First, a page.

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American Journal of Human Biology. 2012;24(4):406-410.Abstract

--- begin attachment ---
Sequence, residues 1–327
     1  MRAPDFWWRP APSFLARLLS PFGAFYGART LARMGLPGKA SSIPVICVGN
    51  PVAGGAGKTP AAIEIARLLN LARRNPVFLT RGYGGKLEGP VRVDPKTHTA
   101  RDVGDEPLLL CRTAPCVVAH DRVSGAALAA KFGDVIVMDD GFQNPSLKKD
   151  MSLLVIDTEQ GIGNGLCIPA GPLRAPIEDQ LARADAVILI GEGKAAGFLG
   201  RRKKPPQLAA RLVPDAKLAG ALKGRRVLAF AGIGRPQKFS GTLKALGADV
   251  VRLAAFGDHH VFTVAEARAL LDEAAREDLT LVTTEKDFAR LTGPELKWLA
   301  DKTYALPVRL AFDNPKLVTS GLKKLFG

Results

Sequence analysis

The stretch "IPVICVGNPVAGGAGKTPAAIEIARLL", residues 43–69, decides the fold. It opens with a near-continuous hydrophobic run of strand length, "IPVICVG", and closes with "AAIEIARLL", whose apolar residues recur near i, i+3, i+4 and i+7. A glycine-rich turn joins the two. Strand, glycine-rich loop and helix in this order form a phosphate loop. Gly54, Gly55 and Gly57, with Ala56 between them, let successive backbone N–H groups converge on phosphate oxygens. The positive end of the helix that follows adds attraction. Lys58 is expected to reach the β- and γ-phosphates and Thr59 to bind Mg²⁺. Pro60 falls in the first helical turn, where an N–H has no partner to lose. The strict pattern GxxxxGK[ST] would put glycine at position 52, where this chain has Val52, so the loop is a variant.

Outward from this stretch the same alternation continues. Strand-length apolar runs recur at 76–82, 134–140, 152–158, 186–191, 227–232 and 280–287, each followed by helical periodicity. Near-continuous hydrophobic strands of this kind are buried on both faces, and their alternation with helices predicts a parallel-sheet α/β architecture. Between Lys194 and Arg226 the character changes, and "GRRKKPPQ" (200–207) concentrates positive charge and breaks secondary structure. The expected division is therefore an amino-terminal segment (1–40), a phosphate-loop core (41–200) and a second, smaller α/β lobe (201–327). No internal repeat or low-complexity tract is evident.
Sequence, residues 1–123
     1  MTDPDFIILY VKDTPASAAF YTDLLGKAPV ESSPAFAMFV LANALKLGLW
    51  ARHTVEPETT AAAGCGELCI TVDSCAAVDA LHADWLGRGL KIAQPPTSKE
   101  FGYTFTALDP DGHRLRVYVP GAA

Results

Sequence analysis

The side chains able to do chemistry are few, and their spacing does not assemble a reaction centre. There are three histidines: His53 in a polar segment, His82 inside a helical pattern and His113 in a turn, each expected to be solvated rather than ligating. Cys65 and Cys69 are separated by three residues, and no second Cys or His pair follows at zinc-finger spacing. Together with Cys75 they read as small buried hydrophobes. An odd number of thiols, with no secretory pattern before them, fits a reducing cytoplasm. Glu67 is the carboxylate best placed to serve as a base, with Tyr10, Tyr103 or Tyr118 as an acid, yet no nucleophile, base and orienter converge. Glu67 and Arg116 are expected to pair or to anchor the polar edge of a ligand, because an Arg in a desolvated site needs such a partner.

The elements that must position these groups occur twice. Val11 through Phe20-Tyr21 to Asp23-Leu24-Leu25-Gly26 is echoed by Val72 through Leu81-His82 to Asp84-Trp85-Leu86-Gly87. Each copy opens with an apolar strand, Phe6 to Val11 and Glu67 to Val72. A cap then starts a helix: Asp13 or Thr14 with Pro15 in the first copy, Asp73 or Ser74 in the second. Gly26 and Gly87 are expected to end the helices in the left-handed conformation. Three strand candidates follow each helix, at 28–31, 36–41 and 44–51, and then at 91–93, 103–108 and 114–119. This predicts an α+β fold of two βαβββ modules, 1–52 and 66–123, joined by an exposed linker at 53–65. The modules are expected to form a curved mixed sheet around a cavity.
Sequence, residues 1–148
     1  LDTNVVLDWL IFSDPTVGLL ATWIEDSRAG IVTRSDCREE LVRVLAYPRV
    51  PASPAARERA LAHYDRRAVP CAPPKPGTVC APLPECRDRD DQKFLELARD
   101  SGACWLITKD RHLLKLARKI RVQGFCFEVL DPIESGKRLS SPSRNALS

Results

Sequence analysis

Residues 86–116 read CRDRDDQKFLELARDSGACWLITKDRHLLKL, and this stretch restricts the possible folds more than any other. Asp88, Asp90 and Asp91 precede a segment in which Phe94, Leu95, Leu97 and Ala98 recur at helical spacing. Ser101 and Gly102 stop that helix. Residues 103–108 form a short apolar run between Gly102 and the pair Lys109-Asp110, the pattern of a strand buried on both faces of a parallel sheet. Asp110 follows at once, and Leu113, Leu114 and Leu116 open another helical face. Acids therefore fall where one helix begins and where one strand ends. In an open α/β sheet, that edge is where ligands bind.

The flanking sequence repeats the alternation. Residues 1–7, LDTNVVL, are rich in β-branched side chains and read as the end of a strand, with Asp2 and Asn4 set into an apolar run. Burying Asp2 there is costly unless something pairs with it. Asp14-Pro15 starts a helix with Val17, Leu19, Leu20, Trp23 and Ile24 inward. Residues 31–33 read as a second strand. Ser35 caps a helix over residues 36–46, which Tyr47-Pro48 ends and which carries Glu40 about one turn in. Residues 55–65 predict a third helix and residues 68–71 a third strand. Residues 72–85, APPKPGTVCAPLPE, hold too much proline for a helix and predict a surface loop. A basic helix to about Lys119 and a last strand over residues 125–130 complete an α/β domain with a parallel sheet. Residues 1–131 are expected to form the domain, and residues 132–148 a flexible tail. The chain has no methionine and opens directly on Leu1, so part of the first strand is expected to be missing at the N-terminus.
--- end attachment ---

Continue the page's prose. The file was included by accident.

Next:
Objectives: Among women attending antenatal clinics during 1934-1944 a large intercristal diameter, the maximum distance between the pelvic iliac crests, was associated with a raised incidence of breast and ovarian cancer in the daughters in later life. At puberty, the intercristal diameter of girls enlarges rapidly under the influence of estrogen. We speculated that high maternal estrogen concentrations during pregnancy initiate hormonal cancers in their daughters. Here, we examine the association between the mothers' intercristal diameters and prostate cancer in their sons. Methods: Using the national cancer registry we identified 221 cases of prostate cancer among 6,975 men born during 1934-1944 in Helsinki, Finland. Four thousand four hundred and one of these men had their mother's bony pelvic measurements recorded: there were 149 cases among them. Results: Hazard ratios for prostate cancer rose as the mother's intercristal diameter increased; but this association was restricted to men who were born before 40 weeks of gestation. Among these men the hazard ratio was 1.27 (95% CI 1.09-1.48; P = 0.002). The hazard ratio was 2.2 (1.3-3.7; P < 0.001) in men whose mothers weighed more than 80 kg in late pregnancy compared with those whose mothers weighed 60 kg or less. Conclusions: These findings are consistent with a conceptual framework for the origins of hormonally dependent cancers that invokes exposure of embryonic tissue to maternal sex hormones followed by resetting of the fetal hypothalamic-gonadotropin axis in late gestation. We hypothesize that compensatory prepubertal growth among girls is associated with hormonal cancers in the next generation. © 2012 Wiley Periodicals, Inc.
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